CALGARY (660 NEWS) – It’s been a month of crazy weather for those living in the north end of Calgary.
Some ominous clouds formed over northeast Calgary Sunday night, before a tornado warning was briefly issued.
That comes just weeks after a hail storm devastated the northeast on June 13, ripping apart siding and flooding a portion of Deerfoot Trail.
So what’s the deal with the extreme weather in these parts of Calgary?
Blaine Lowry is a Warning Preparedness Meteorologist with Environment Canada and said there’s no clear explanation to the weather other than a case of bad luck.
“Historically, we’ve had severe and damaging hailstorms that roll in off the foothills, basically right along Highway 1 or through the Cochrane area and enter the city through the west. Likewise, we’ve had storms that form north of the city and move southeast towards the city. In which case, the north end and the northeast end of the city would be impacted.”
Lowry added severe storms are common at this time of the year, especially those that can produce tornadoes.
“We don’t have to look back even a month to see the last funnel cloud reported in the City of Calgary. On June 13, the day of that unfortunate hailstorm, there was a funnel cloud reported in the city. That can be a common occurrence.”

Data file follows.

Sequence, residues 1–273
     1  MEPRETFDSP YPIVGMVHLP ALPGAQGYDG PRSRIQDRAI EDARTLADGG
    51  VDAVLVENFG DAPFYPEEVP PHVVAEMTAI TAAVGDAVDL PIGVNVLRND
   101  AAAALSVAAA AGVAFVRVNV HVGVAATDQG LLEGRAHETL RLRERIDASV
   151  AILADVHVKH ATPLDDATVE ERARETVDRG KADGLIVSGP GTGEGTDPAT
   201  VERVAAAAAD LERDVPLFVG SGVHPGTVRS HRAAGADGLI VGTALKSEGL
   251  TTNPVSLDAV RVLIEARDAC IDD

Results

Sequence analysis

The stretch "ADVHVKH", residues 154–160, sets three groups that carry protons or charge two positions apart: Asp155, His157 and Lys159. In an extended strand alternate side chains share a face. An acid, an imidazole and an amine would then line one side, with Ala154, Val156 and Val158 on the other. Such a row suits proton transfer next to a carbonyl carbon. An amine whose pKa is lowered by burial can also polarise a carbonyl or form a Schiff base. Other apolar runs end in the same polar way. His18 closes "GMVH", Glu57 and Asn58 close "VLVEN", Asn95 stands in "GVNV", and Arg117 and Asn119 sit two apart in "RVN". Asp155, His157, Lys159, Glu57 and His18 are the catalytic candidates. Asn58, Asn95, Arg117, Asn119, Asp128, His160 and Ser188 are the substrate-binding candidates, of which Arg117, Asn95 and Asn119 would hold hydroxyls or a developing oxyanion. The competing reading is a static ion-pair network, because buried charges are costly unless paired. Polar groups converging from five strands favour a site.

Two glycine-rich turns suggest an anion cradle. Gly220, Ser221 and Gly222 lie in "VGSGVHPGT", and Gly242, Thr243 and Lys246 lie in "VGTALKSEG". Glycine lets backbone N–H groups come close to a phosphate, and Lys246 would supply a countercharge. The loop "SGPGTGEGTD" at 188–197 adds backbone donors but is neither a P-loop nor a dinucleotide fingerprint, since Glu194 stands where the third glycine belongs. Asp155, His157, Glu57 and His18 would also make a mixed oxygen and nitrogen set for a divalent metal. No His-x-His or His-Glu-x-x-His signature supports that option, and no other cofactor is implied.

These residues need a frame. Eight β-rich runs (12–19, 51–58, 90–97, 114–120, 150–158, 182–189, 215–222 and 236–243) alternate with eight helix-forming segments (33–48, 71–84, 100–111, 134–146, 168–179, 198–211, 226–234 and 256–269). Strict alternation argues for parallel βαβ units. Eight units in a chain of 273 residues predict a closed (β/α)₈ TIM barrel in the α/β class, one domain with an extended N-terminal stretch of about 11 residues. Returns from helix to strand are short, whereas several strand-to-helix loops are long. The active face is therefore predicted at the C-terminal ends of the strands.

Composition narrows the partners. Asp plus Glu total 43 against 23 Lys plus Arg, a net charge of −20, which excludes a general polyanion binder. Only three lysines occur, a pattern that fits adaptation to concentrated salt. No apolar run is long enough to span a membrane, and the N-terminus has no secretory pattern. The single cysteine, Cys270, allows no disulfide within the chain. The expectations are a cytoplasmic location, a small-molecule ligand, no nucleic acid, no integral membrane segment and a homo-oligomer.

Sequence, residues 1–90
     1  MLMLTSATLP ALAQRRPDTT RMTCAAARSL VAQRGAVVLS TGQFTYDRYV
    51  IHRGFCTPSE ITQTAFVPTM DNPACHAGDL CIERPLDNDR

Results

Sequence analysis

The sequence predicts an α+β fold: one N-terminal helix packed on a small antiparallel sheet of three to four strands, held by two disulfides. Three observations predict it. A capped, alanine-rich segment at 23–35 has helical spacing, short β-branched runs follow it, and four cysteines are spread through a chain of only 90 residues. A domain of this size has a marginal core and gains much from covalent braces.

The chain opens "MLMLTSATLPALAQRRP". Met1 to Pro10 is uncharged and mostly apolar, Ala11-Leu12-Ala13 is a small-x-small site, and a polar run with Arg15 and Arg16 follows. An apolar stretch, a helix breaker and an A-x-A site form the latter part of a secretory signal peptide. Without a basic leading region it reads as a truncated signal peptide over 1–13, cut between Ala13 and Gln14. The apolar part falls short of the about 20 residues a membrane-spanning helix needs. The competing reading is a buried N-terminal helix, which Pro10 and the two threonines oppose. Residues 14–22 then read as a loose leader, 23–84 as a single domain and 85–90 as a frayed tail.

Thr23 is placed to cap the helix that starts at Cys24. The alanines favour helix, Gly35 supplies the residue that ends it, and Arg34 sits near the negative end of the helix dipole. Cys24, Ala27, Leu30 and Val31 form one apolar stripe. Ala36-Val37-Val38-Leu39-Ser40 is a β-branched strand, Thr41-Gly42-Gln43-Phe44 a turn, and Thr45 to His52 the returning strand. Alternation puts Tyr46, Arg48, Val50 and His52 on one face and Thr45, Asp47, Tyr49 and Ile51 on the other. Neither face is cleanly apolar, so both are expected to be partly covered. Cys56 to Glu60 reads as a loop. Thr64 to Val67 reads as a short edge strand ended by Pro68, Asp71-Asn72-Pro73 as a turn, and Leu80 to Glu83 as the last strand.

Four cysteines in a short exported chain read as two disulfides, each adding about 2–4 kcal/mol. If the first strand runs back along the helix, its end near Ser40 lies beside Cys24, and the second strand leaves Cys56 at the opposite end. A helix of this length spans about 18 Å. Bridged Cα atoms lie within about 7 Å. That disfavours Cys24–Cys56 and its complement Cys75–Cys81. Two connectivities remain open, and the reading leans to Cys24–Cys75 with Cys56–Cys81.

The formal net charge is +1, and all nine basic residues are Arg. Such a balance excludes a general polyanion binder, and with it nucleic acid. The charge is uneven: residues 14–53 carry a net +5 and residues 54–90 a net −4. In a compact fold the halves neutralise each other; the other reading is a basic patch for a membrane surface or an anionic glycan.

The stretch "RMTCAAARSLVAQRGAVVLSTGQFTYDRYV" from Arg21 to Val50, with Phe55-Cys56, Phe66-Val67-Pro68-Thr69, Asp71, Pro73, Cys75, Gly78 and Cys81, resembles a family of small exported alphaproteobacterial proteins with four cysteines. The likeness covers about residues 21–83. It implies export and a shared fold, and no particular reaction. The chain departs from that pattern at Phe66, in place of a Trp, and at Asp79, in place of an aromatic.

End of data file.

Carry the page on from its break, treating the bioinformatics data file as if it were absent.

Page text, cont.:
That was the case for Sunday night as a dangerous storm prompted a tornado alert sent through the emergency alert system. The initial alert was issued for northeast Calgary and areas east of the city including Chestermere.
While the Calgary alert was cancelled in a matter of minutes, some were left wondering why they received an alert if they weren’t in the affected area.
“The City of Calgary is one warning region and therefore if a warning goes out for a certain part of the city, it will go out for the entire city,” said Lowry who added the alerts will explain which region of the city is most at risk.
There were no reports of a tornado touching down following the warning on Sunday night.
– With files from CityNews